Given this solution, we have $$\begin{equation} F_{\mu \nu}F^{\mu \nu}=2\frac{Q^2}{r^4}\, \end{equation}$$ assuming a metric of the form $$\begin{equation} ds^2=-f(r)dt^2+\frac{1}{f(r)}dr^2+r^2(d\theta^2 + \sin^2 \theta d\phi^2)\,. \end{equation}$$ I'm actually dealing with Reissner-Nordstrom black holes with magnetic charge but I think my confusion holds more generically. My confusion is that if I take some boundary at constant $$r$$, or just some boundary such that its normal looks like $$\begin{equation} n_{\mu}=\alpha dt + \beta dr\,, \end{equation}$$ then the right-hand side of $$\begin{equation} \int_\mathcal{M}d^4x \sqrt{-g} F^{\mu \nu}F_{\mu \nu}=2\int_{\partial \mathcal{M}} d\Sigma_\mu F^{\mu \nu} A_\nu\,. \end{equation}$$ seems to yield zero trivially because $$F$$ has only angular components. However, I think it is very easy to come up with a region of spacetime $$\mathcal{M}$$ such that the left-hand side does not vanish. What did I do wrong in this reasoning? I thought it might have to do with the smoothness of the vector field $$v^{\mu}=F^{\mu \nu}A_{\nu}$$ in which we are applying the Stokes' theorem, but since I saw the divergence theorem stated above without any assumptions on the vector field, I am not sure if this is the problem. The vector field yields $$\begin{equation} v=\frac{Q^2}{r^4 \sin{\theta}}(1-\cos{\theta})\frac{\partial}{\partial \theta}\,, \end{equation}$$ It is possible to see that $$v$$ has a singularity at $$\theta=\pi$$. This could be a coordinate artifact but it is easy to see that $$g_{\mu \nu}v^\mu v^\nu$$ also has this singular point. For this reason, I think it might be problematic to apply the divergence theorem to $$v$$. Am I getting the problem right?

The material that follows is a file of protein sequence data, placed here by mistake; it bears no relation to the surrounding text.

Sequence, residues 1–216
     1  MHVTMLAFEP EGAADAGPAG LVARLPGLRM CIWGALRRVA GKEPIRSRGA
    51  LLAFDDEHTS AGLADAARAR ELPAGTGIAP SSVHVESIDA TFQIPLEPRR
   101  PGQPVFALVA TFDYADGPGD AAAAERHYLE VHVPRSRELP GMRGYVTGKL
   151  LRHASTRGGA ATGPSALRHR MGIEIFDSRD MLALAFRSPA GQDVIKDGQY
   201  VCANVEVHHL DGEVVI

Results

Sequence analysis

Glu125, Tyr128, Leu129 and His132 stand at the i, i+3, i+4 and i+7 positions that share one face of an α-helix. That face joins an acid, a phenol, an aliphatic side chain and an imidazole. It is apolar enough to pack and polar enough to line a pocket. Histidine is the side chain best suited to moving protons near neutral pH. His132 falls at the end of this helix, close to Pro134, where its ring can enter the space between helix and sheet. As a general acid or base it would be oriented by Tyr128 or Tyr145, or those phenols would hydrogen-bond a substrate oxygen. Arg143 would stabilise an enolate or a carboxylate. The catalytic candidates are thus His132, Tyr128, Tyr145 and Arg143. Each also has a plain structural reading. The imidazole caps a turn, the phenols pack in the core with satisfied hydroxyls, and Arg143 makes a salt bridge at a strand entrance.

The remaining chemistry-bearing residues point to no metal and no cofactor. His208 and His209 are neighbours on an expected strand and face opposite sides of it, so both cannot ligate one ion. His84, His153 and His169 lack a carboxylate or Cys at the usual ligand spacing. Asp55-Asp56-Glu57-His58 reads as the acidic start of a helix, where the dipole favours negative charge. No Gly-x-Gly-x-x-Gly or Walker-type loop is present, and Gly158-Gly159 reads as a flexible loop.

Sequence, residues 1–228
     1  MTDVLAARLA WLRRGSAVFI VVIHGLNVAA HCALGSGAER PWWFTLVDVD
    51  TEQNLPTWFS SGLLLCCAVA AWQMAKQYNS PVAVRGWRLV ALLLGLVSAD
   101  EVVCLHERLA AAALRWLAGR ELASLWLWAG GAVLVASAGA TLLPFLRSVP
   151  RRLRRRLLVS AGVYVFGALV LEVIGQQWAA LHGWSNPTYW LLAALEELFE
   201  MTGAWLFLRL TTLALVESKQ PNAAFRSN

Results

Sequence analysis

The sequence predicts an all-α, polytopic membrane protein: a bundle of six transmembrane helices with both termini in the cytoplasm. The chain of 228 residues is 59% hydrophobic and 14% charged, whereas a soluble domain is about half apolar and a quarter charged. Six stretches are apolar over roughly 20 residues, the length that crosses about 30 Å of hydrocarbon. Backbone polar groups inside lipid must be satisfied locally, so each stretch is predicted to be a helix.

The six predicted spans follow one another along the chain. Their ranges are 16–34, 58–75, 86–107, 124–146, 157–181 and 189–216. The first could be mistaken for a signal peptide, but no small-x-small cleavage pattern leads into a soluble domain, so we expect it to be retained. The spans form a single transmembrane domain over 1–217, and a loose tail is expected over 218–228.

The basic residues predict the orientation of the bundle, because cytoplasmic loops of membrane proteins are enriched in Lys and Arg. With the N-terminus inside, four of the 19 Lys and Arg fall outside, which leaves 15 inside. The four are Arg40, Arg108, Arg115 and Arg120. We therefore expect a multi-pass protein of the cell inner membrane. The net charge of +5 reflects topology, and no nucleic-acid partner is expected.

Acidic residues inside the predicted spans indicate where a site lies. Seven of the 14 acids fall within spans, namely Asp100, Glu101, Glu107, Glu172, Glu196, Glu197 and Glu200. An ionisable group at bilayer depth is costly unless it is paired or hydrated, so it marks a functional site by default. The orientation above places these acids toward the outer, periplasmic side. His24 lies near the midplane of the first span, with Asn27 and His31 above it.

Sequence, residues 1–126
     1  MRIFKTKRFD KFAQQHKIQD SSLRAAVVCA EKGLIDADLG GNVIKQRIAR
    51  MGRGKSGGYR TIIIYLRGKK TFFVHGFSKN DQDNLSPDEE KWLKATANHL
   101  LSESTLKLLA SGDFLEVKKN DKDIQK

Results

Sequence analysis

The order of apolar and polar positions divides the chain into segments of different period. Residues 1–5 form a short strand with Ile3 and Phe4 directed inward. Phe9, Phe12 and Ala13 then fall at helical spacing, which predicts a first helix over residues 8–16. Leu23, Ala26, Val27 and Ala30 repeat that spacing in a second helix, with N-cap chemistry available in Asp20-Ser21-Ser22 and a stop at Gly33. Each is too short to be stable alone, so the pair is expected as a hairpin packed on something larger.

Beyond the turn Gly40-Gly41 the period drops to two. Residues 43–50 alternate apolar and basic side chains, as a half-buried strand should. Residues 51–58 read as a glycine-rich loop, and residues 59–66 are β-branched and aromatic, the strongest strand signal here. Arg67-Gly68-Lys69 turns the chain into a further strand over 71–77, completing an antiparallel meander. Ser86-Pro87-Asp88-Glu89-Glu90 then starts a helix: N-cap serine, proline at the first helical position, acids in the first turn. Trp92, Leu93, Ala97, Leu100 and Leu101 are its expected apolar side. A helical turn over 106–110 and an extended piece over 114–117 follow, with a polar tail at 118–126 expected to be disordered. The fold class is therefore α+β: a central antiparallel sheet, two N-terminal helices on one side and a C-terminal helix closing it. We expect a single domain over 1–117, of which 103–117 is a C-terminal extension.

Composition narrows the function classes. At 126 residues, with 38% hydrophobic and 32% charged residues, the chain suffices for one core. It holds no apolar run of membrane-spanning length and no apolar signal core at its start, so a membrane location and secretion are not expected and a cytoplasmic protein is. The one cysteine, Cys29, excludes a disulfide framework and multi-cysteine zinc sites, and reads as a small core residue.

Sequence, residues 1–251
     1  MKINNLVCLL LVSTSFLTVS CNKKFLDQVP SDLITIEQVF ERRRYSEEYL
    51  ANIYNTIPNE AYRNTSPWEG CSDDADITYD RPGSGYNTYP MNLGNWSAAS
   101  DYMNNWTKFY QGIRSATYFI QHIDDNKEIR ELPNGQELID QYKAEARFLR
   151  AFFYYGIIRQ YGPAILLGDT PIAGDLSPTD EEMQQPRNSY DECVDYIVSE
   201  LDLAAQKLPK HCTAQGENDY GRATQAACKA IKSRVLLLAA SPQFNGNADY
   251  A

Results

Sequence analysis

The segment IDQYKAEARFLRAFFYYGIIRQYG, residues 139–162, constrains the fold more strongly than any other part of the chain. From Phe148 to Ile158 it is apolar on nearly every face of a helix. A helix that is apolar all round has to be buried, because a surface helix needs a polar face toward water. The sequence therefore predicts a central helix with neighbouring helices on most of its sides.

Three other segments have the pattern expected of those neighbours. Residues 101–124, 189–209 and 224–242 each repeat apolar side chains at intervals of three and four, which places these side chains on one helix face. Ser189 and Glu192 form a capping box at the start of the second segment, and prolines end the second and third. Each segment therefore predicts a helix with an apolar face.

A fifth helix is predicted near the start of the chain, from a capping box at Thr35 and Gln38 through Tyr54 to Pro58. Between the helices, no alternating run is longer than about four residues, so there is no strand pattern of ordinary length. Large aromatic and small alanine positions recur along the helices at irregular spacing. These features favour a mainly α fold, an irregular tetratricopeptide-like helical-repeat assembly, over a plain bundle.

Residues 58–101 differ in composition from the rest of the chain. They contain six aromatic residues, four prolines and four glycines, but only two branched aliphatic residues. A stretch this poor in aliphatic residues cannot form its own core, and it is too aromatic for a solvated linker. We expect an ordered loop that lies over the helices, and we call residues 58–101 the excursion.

EDIT1: I am considering a region $$\mathcal{M}$$ of spacetime that does not contain the origin. Since I am thinking of this in the context of a black hole, I don't want to include the singularity $$r=0$$ in the patch over which I am integrating. As an example of this procedure, see Eq. $$(5.15)$$ of https://arxiv.org/abs/1606.08307 where an electric solution is assumed. Now if we assume an electric solution, we have $$\begin{equation} A=\left(\frac{Q}{r_{+}}-\frac{Q}{r} \right)dt \end{equation}$$ $$\begin{equation} F=dA=\frac{Q^2}{r^2}dr \wedge dt \end{equation}$$ where $$r_{+}$$ is the event horizon. Hence $$\begin{equation} F_{\mu \nu}F^{\mu \nu}=-2\frac{Q^2}{r^4}\,, \end{equation}$$ which means the bulk integration on $$\mathcal{M}$$ just changes by a sign with respect to the magnetic solution. This is related to electromagnetic duality. However, in this case using the Stokes theorem leads to a non-zero boundary contribution, as it should, I think. Now my puzzle is why in one case we can use Stokes and the other it seems to fail. It turns out that in this case the vector field in which we apply Stokes is $$\begin{equation} v=\frac{Q}{r^2}\left(\frac{1}{r}-\frac{1}{r_{+}} \right) \frac{\partial}{\partial r} \end{equation}$$ which seems to be smooth everywhere if we look at $$g(v,v)$$, using a good coordinate system.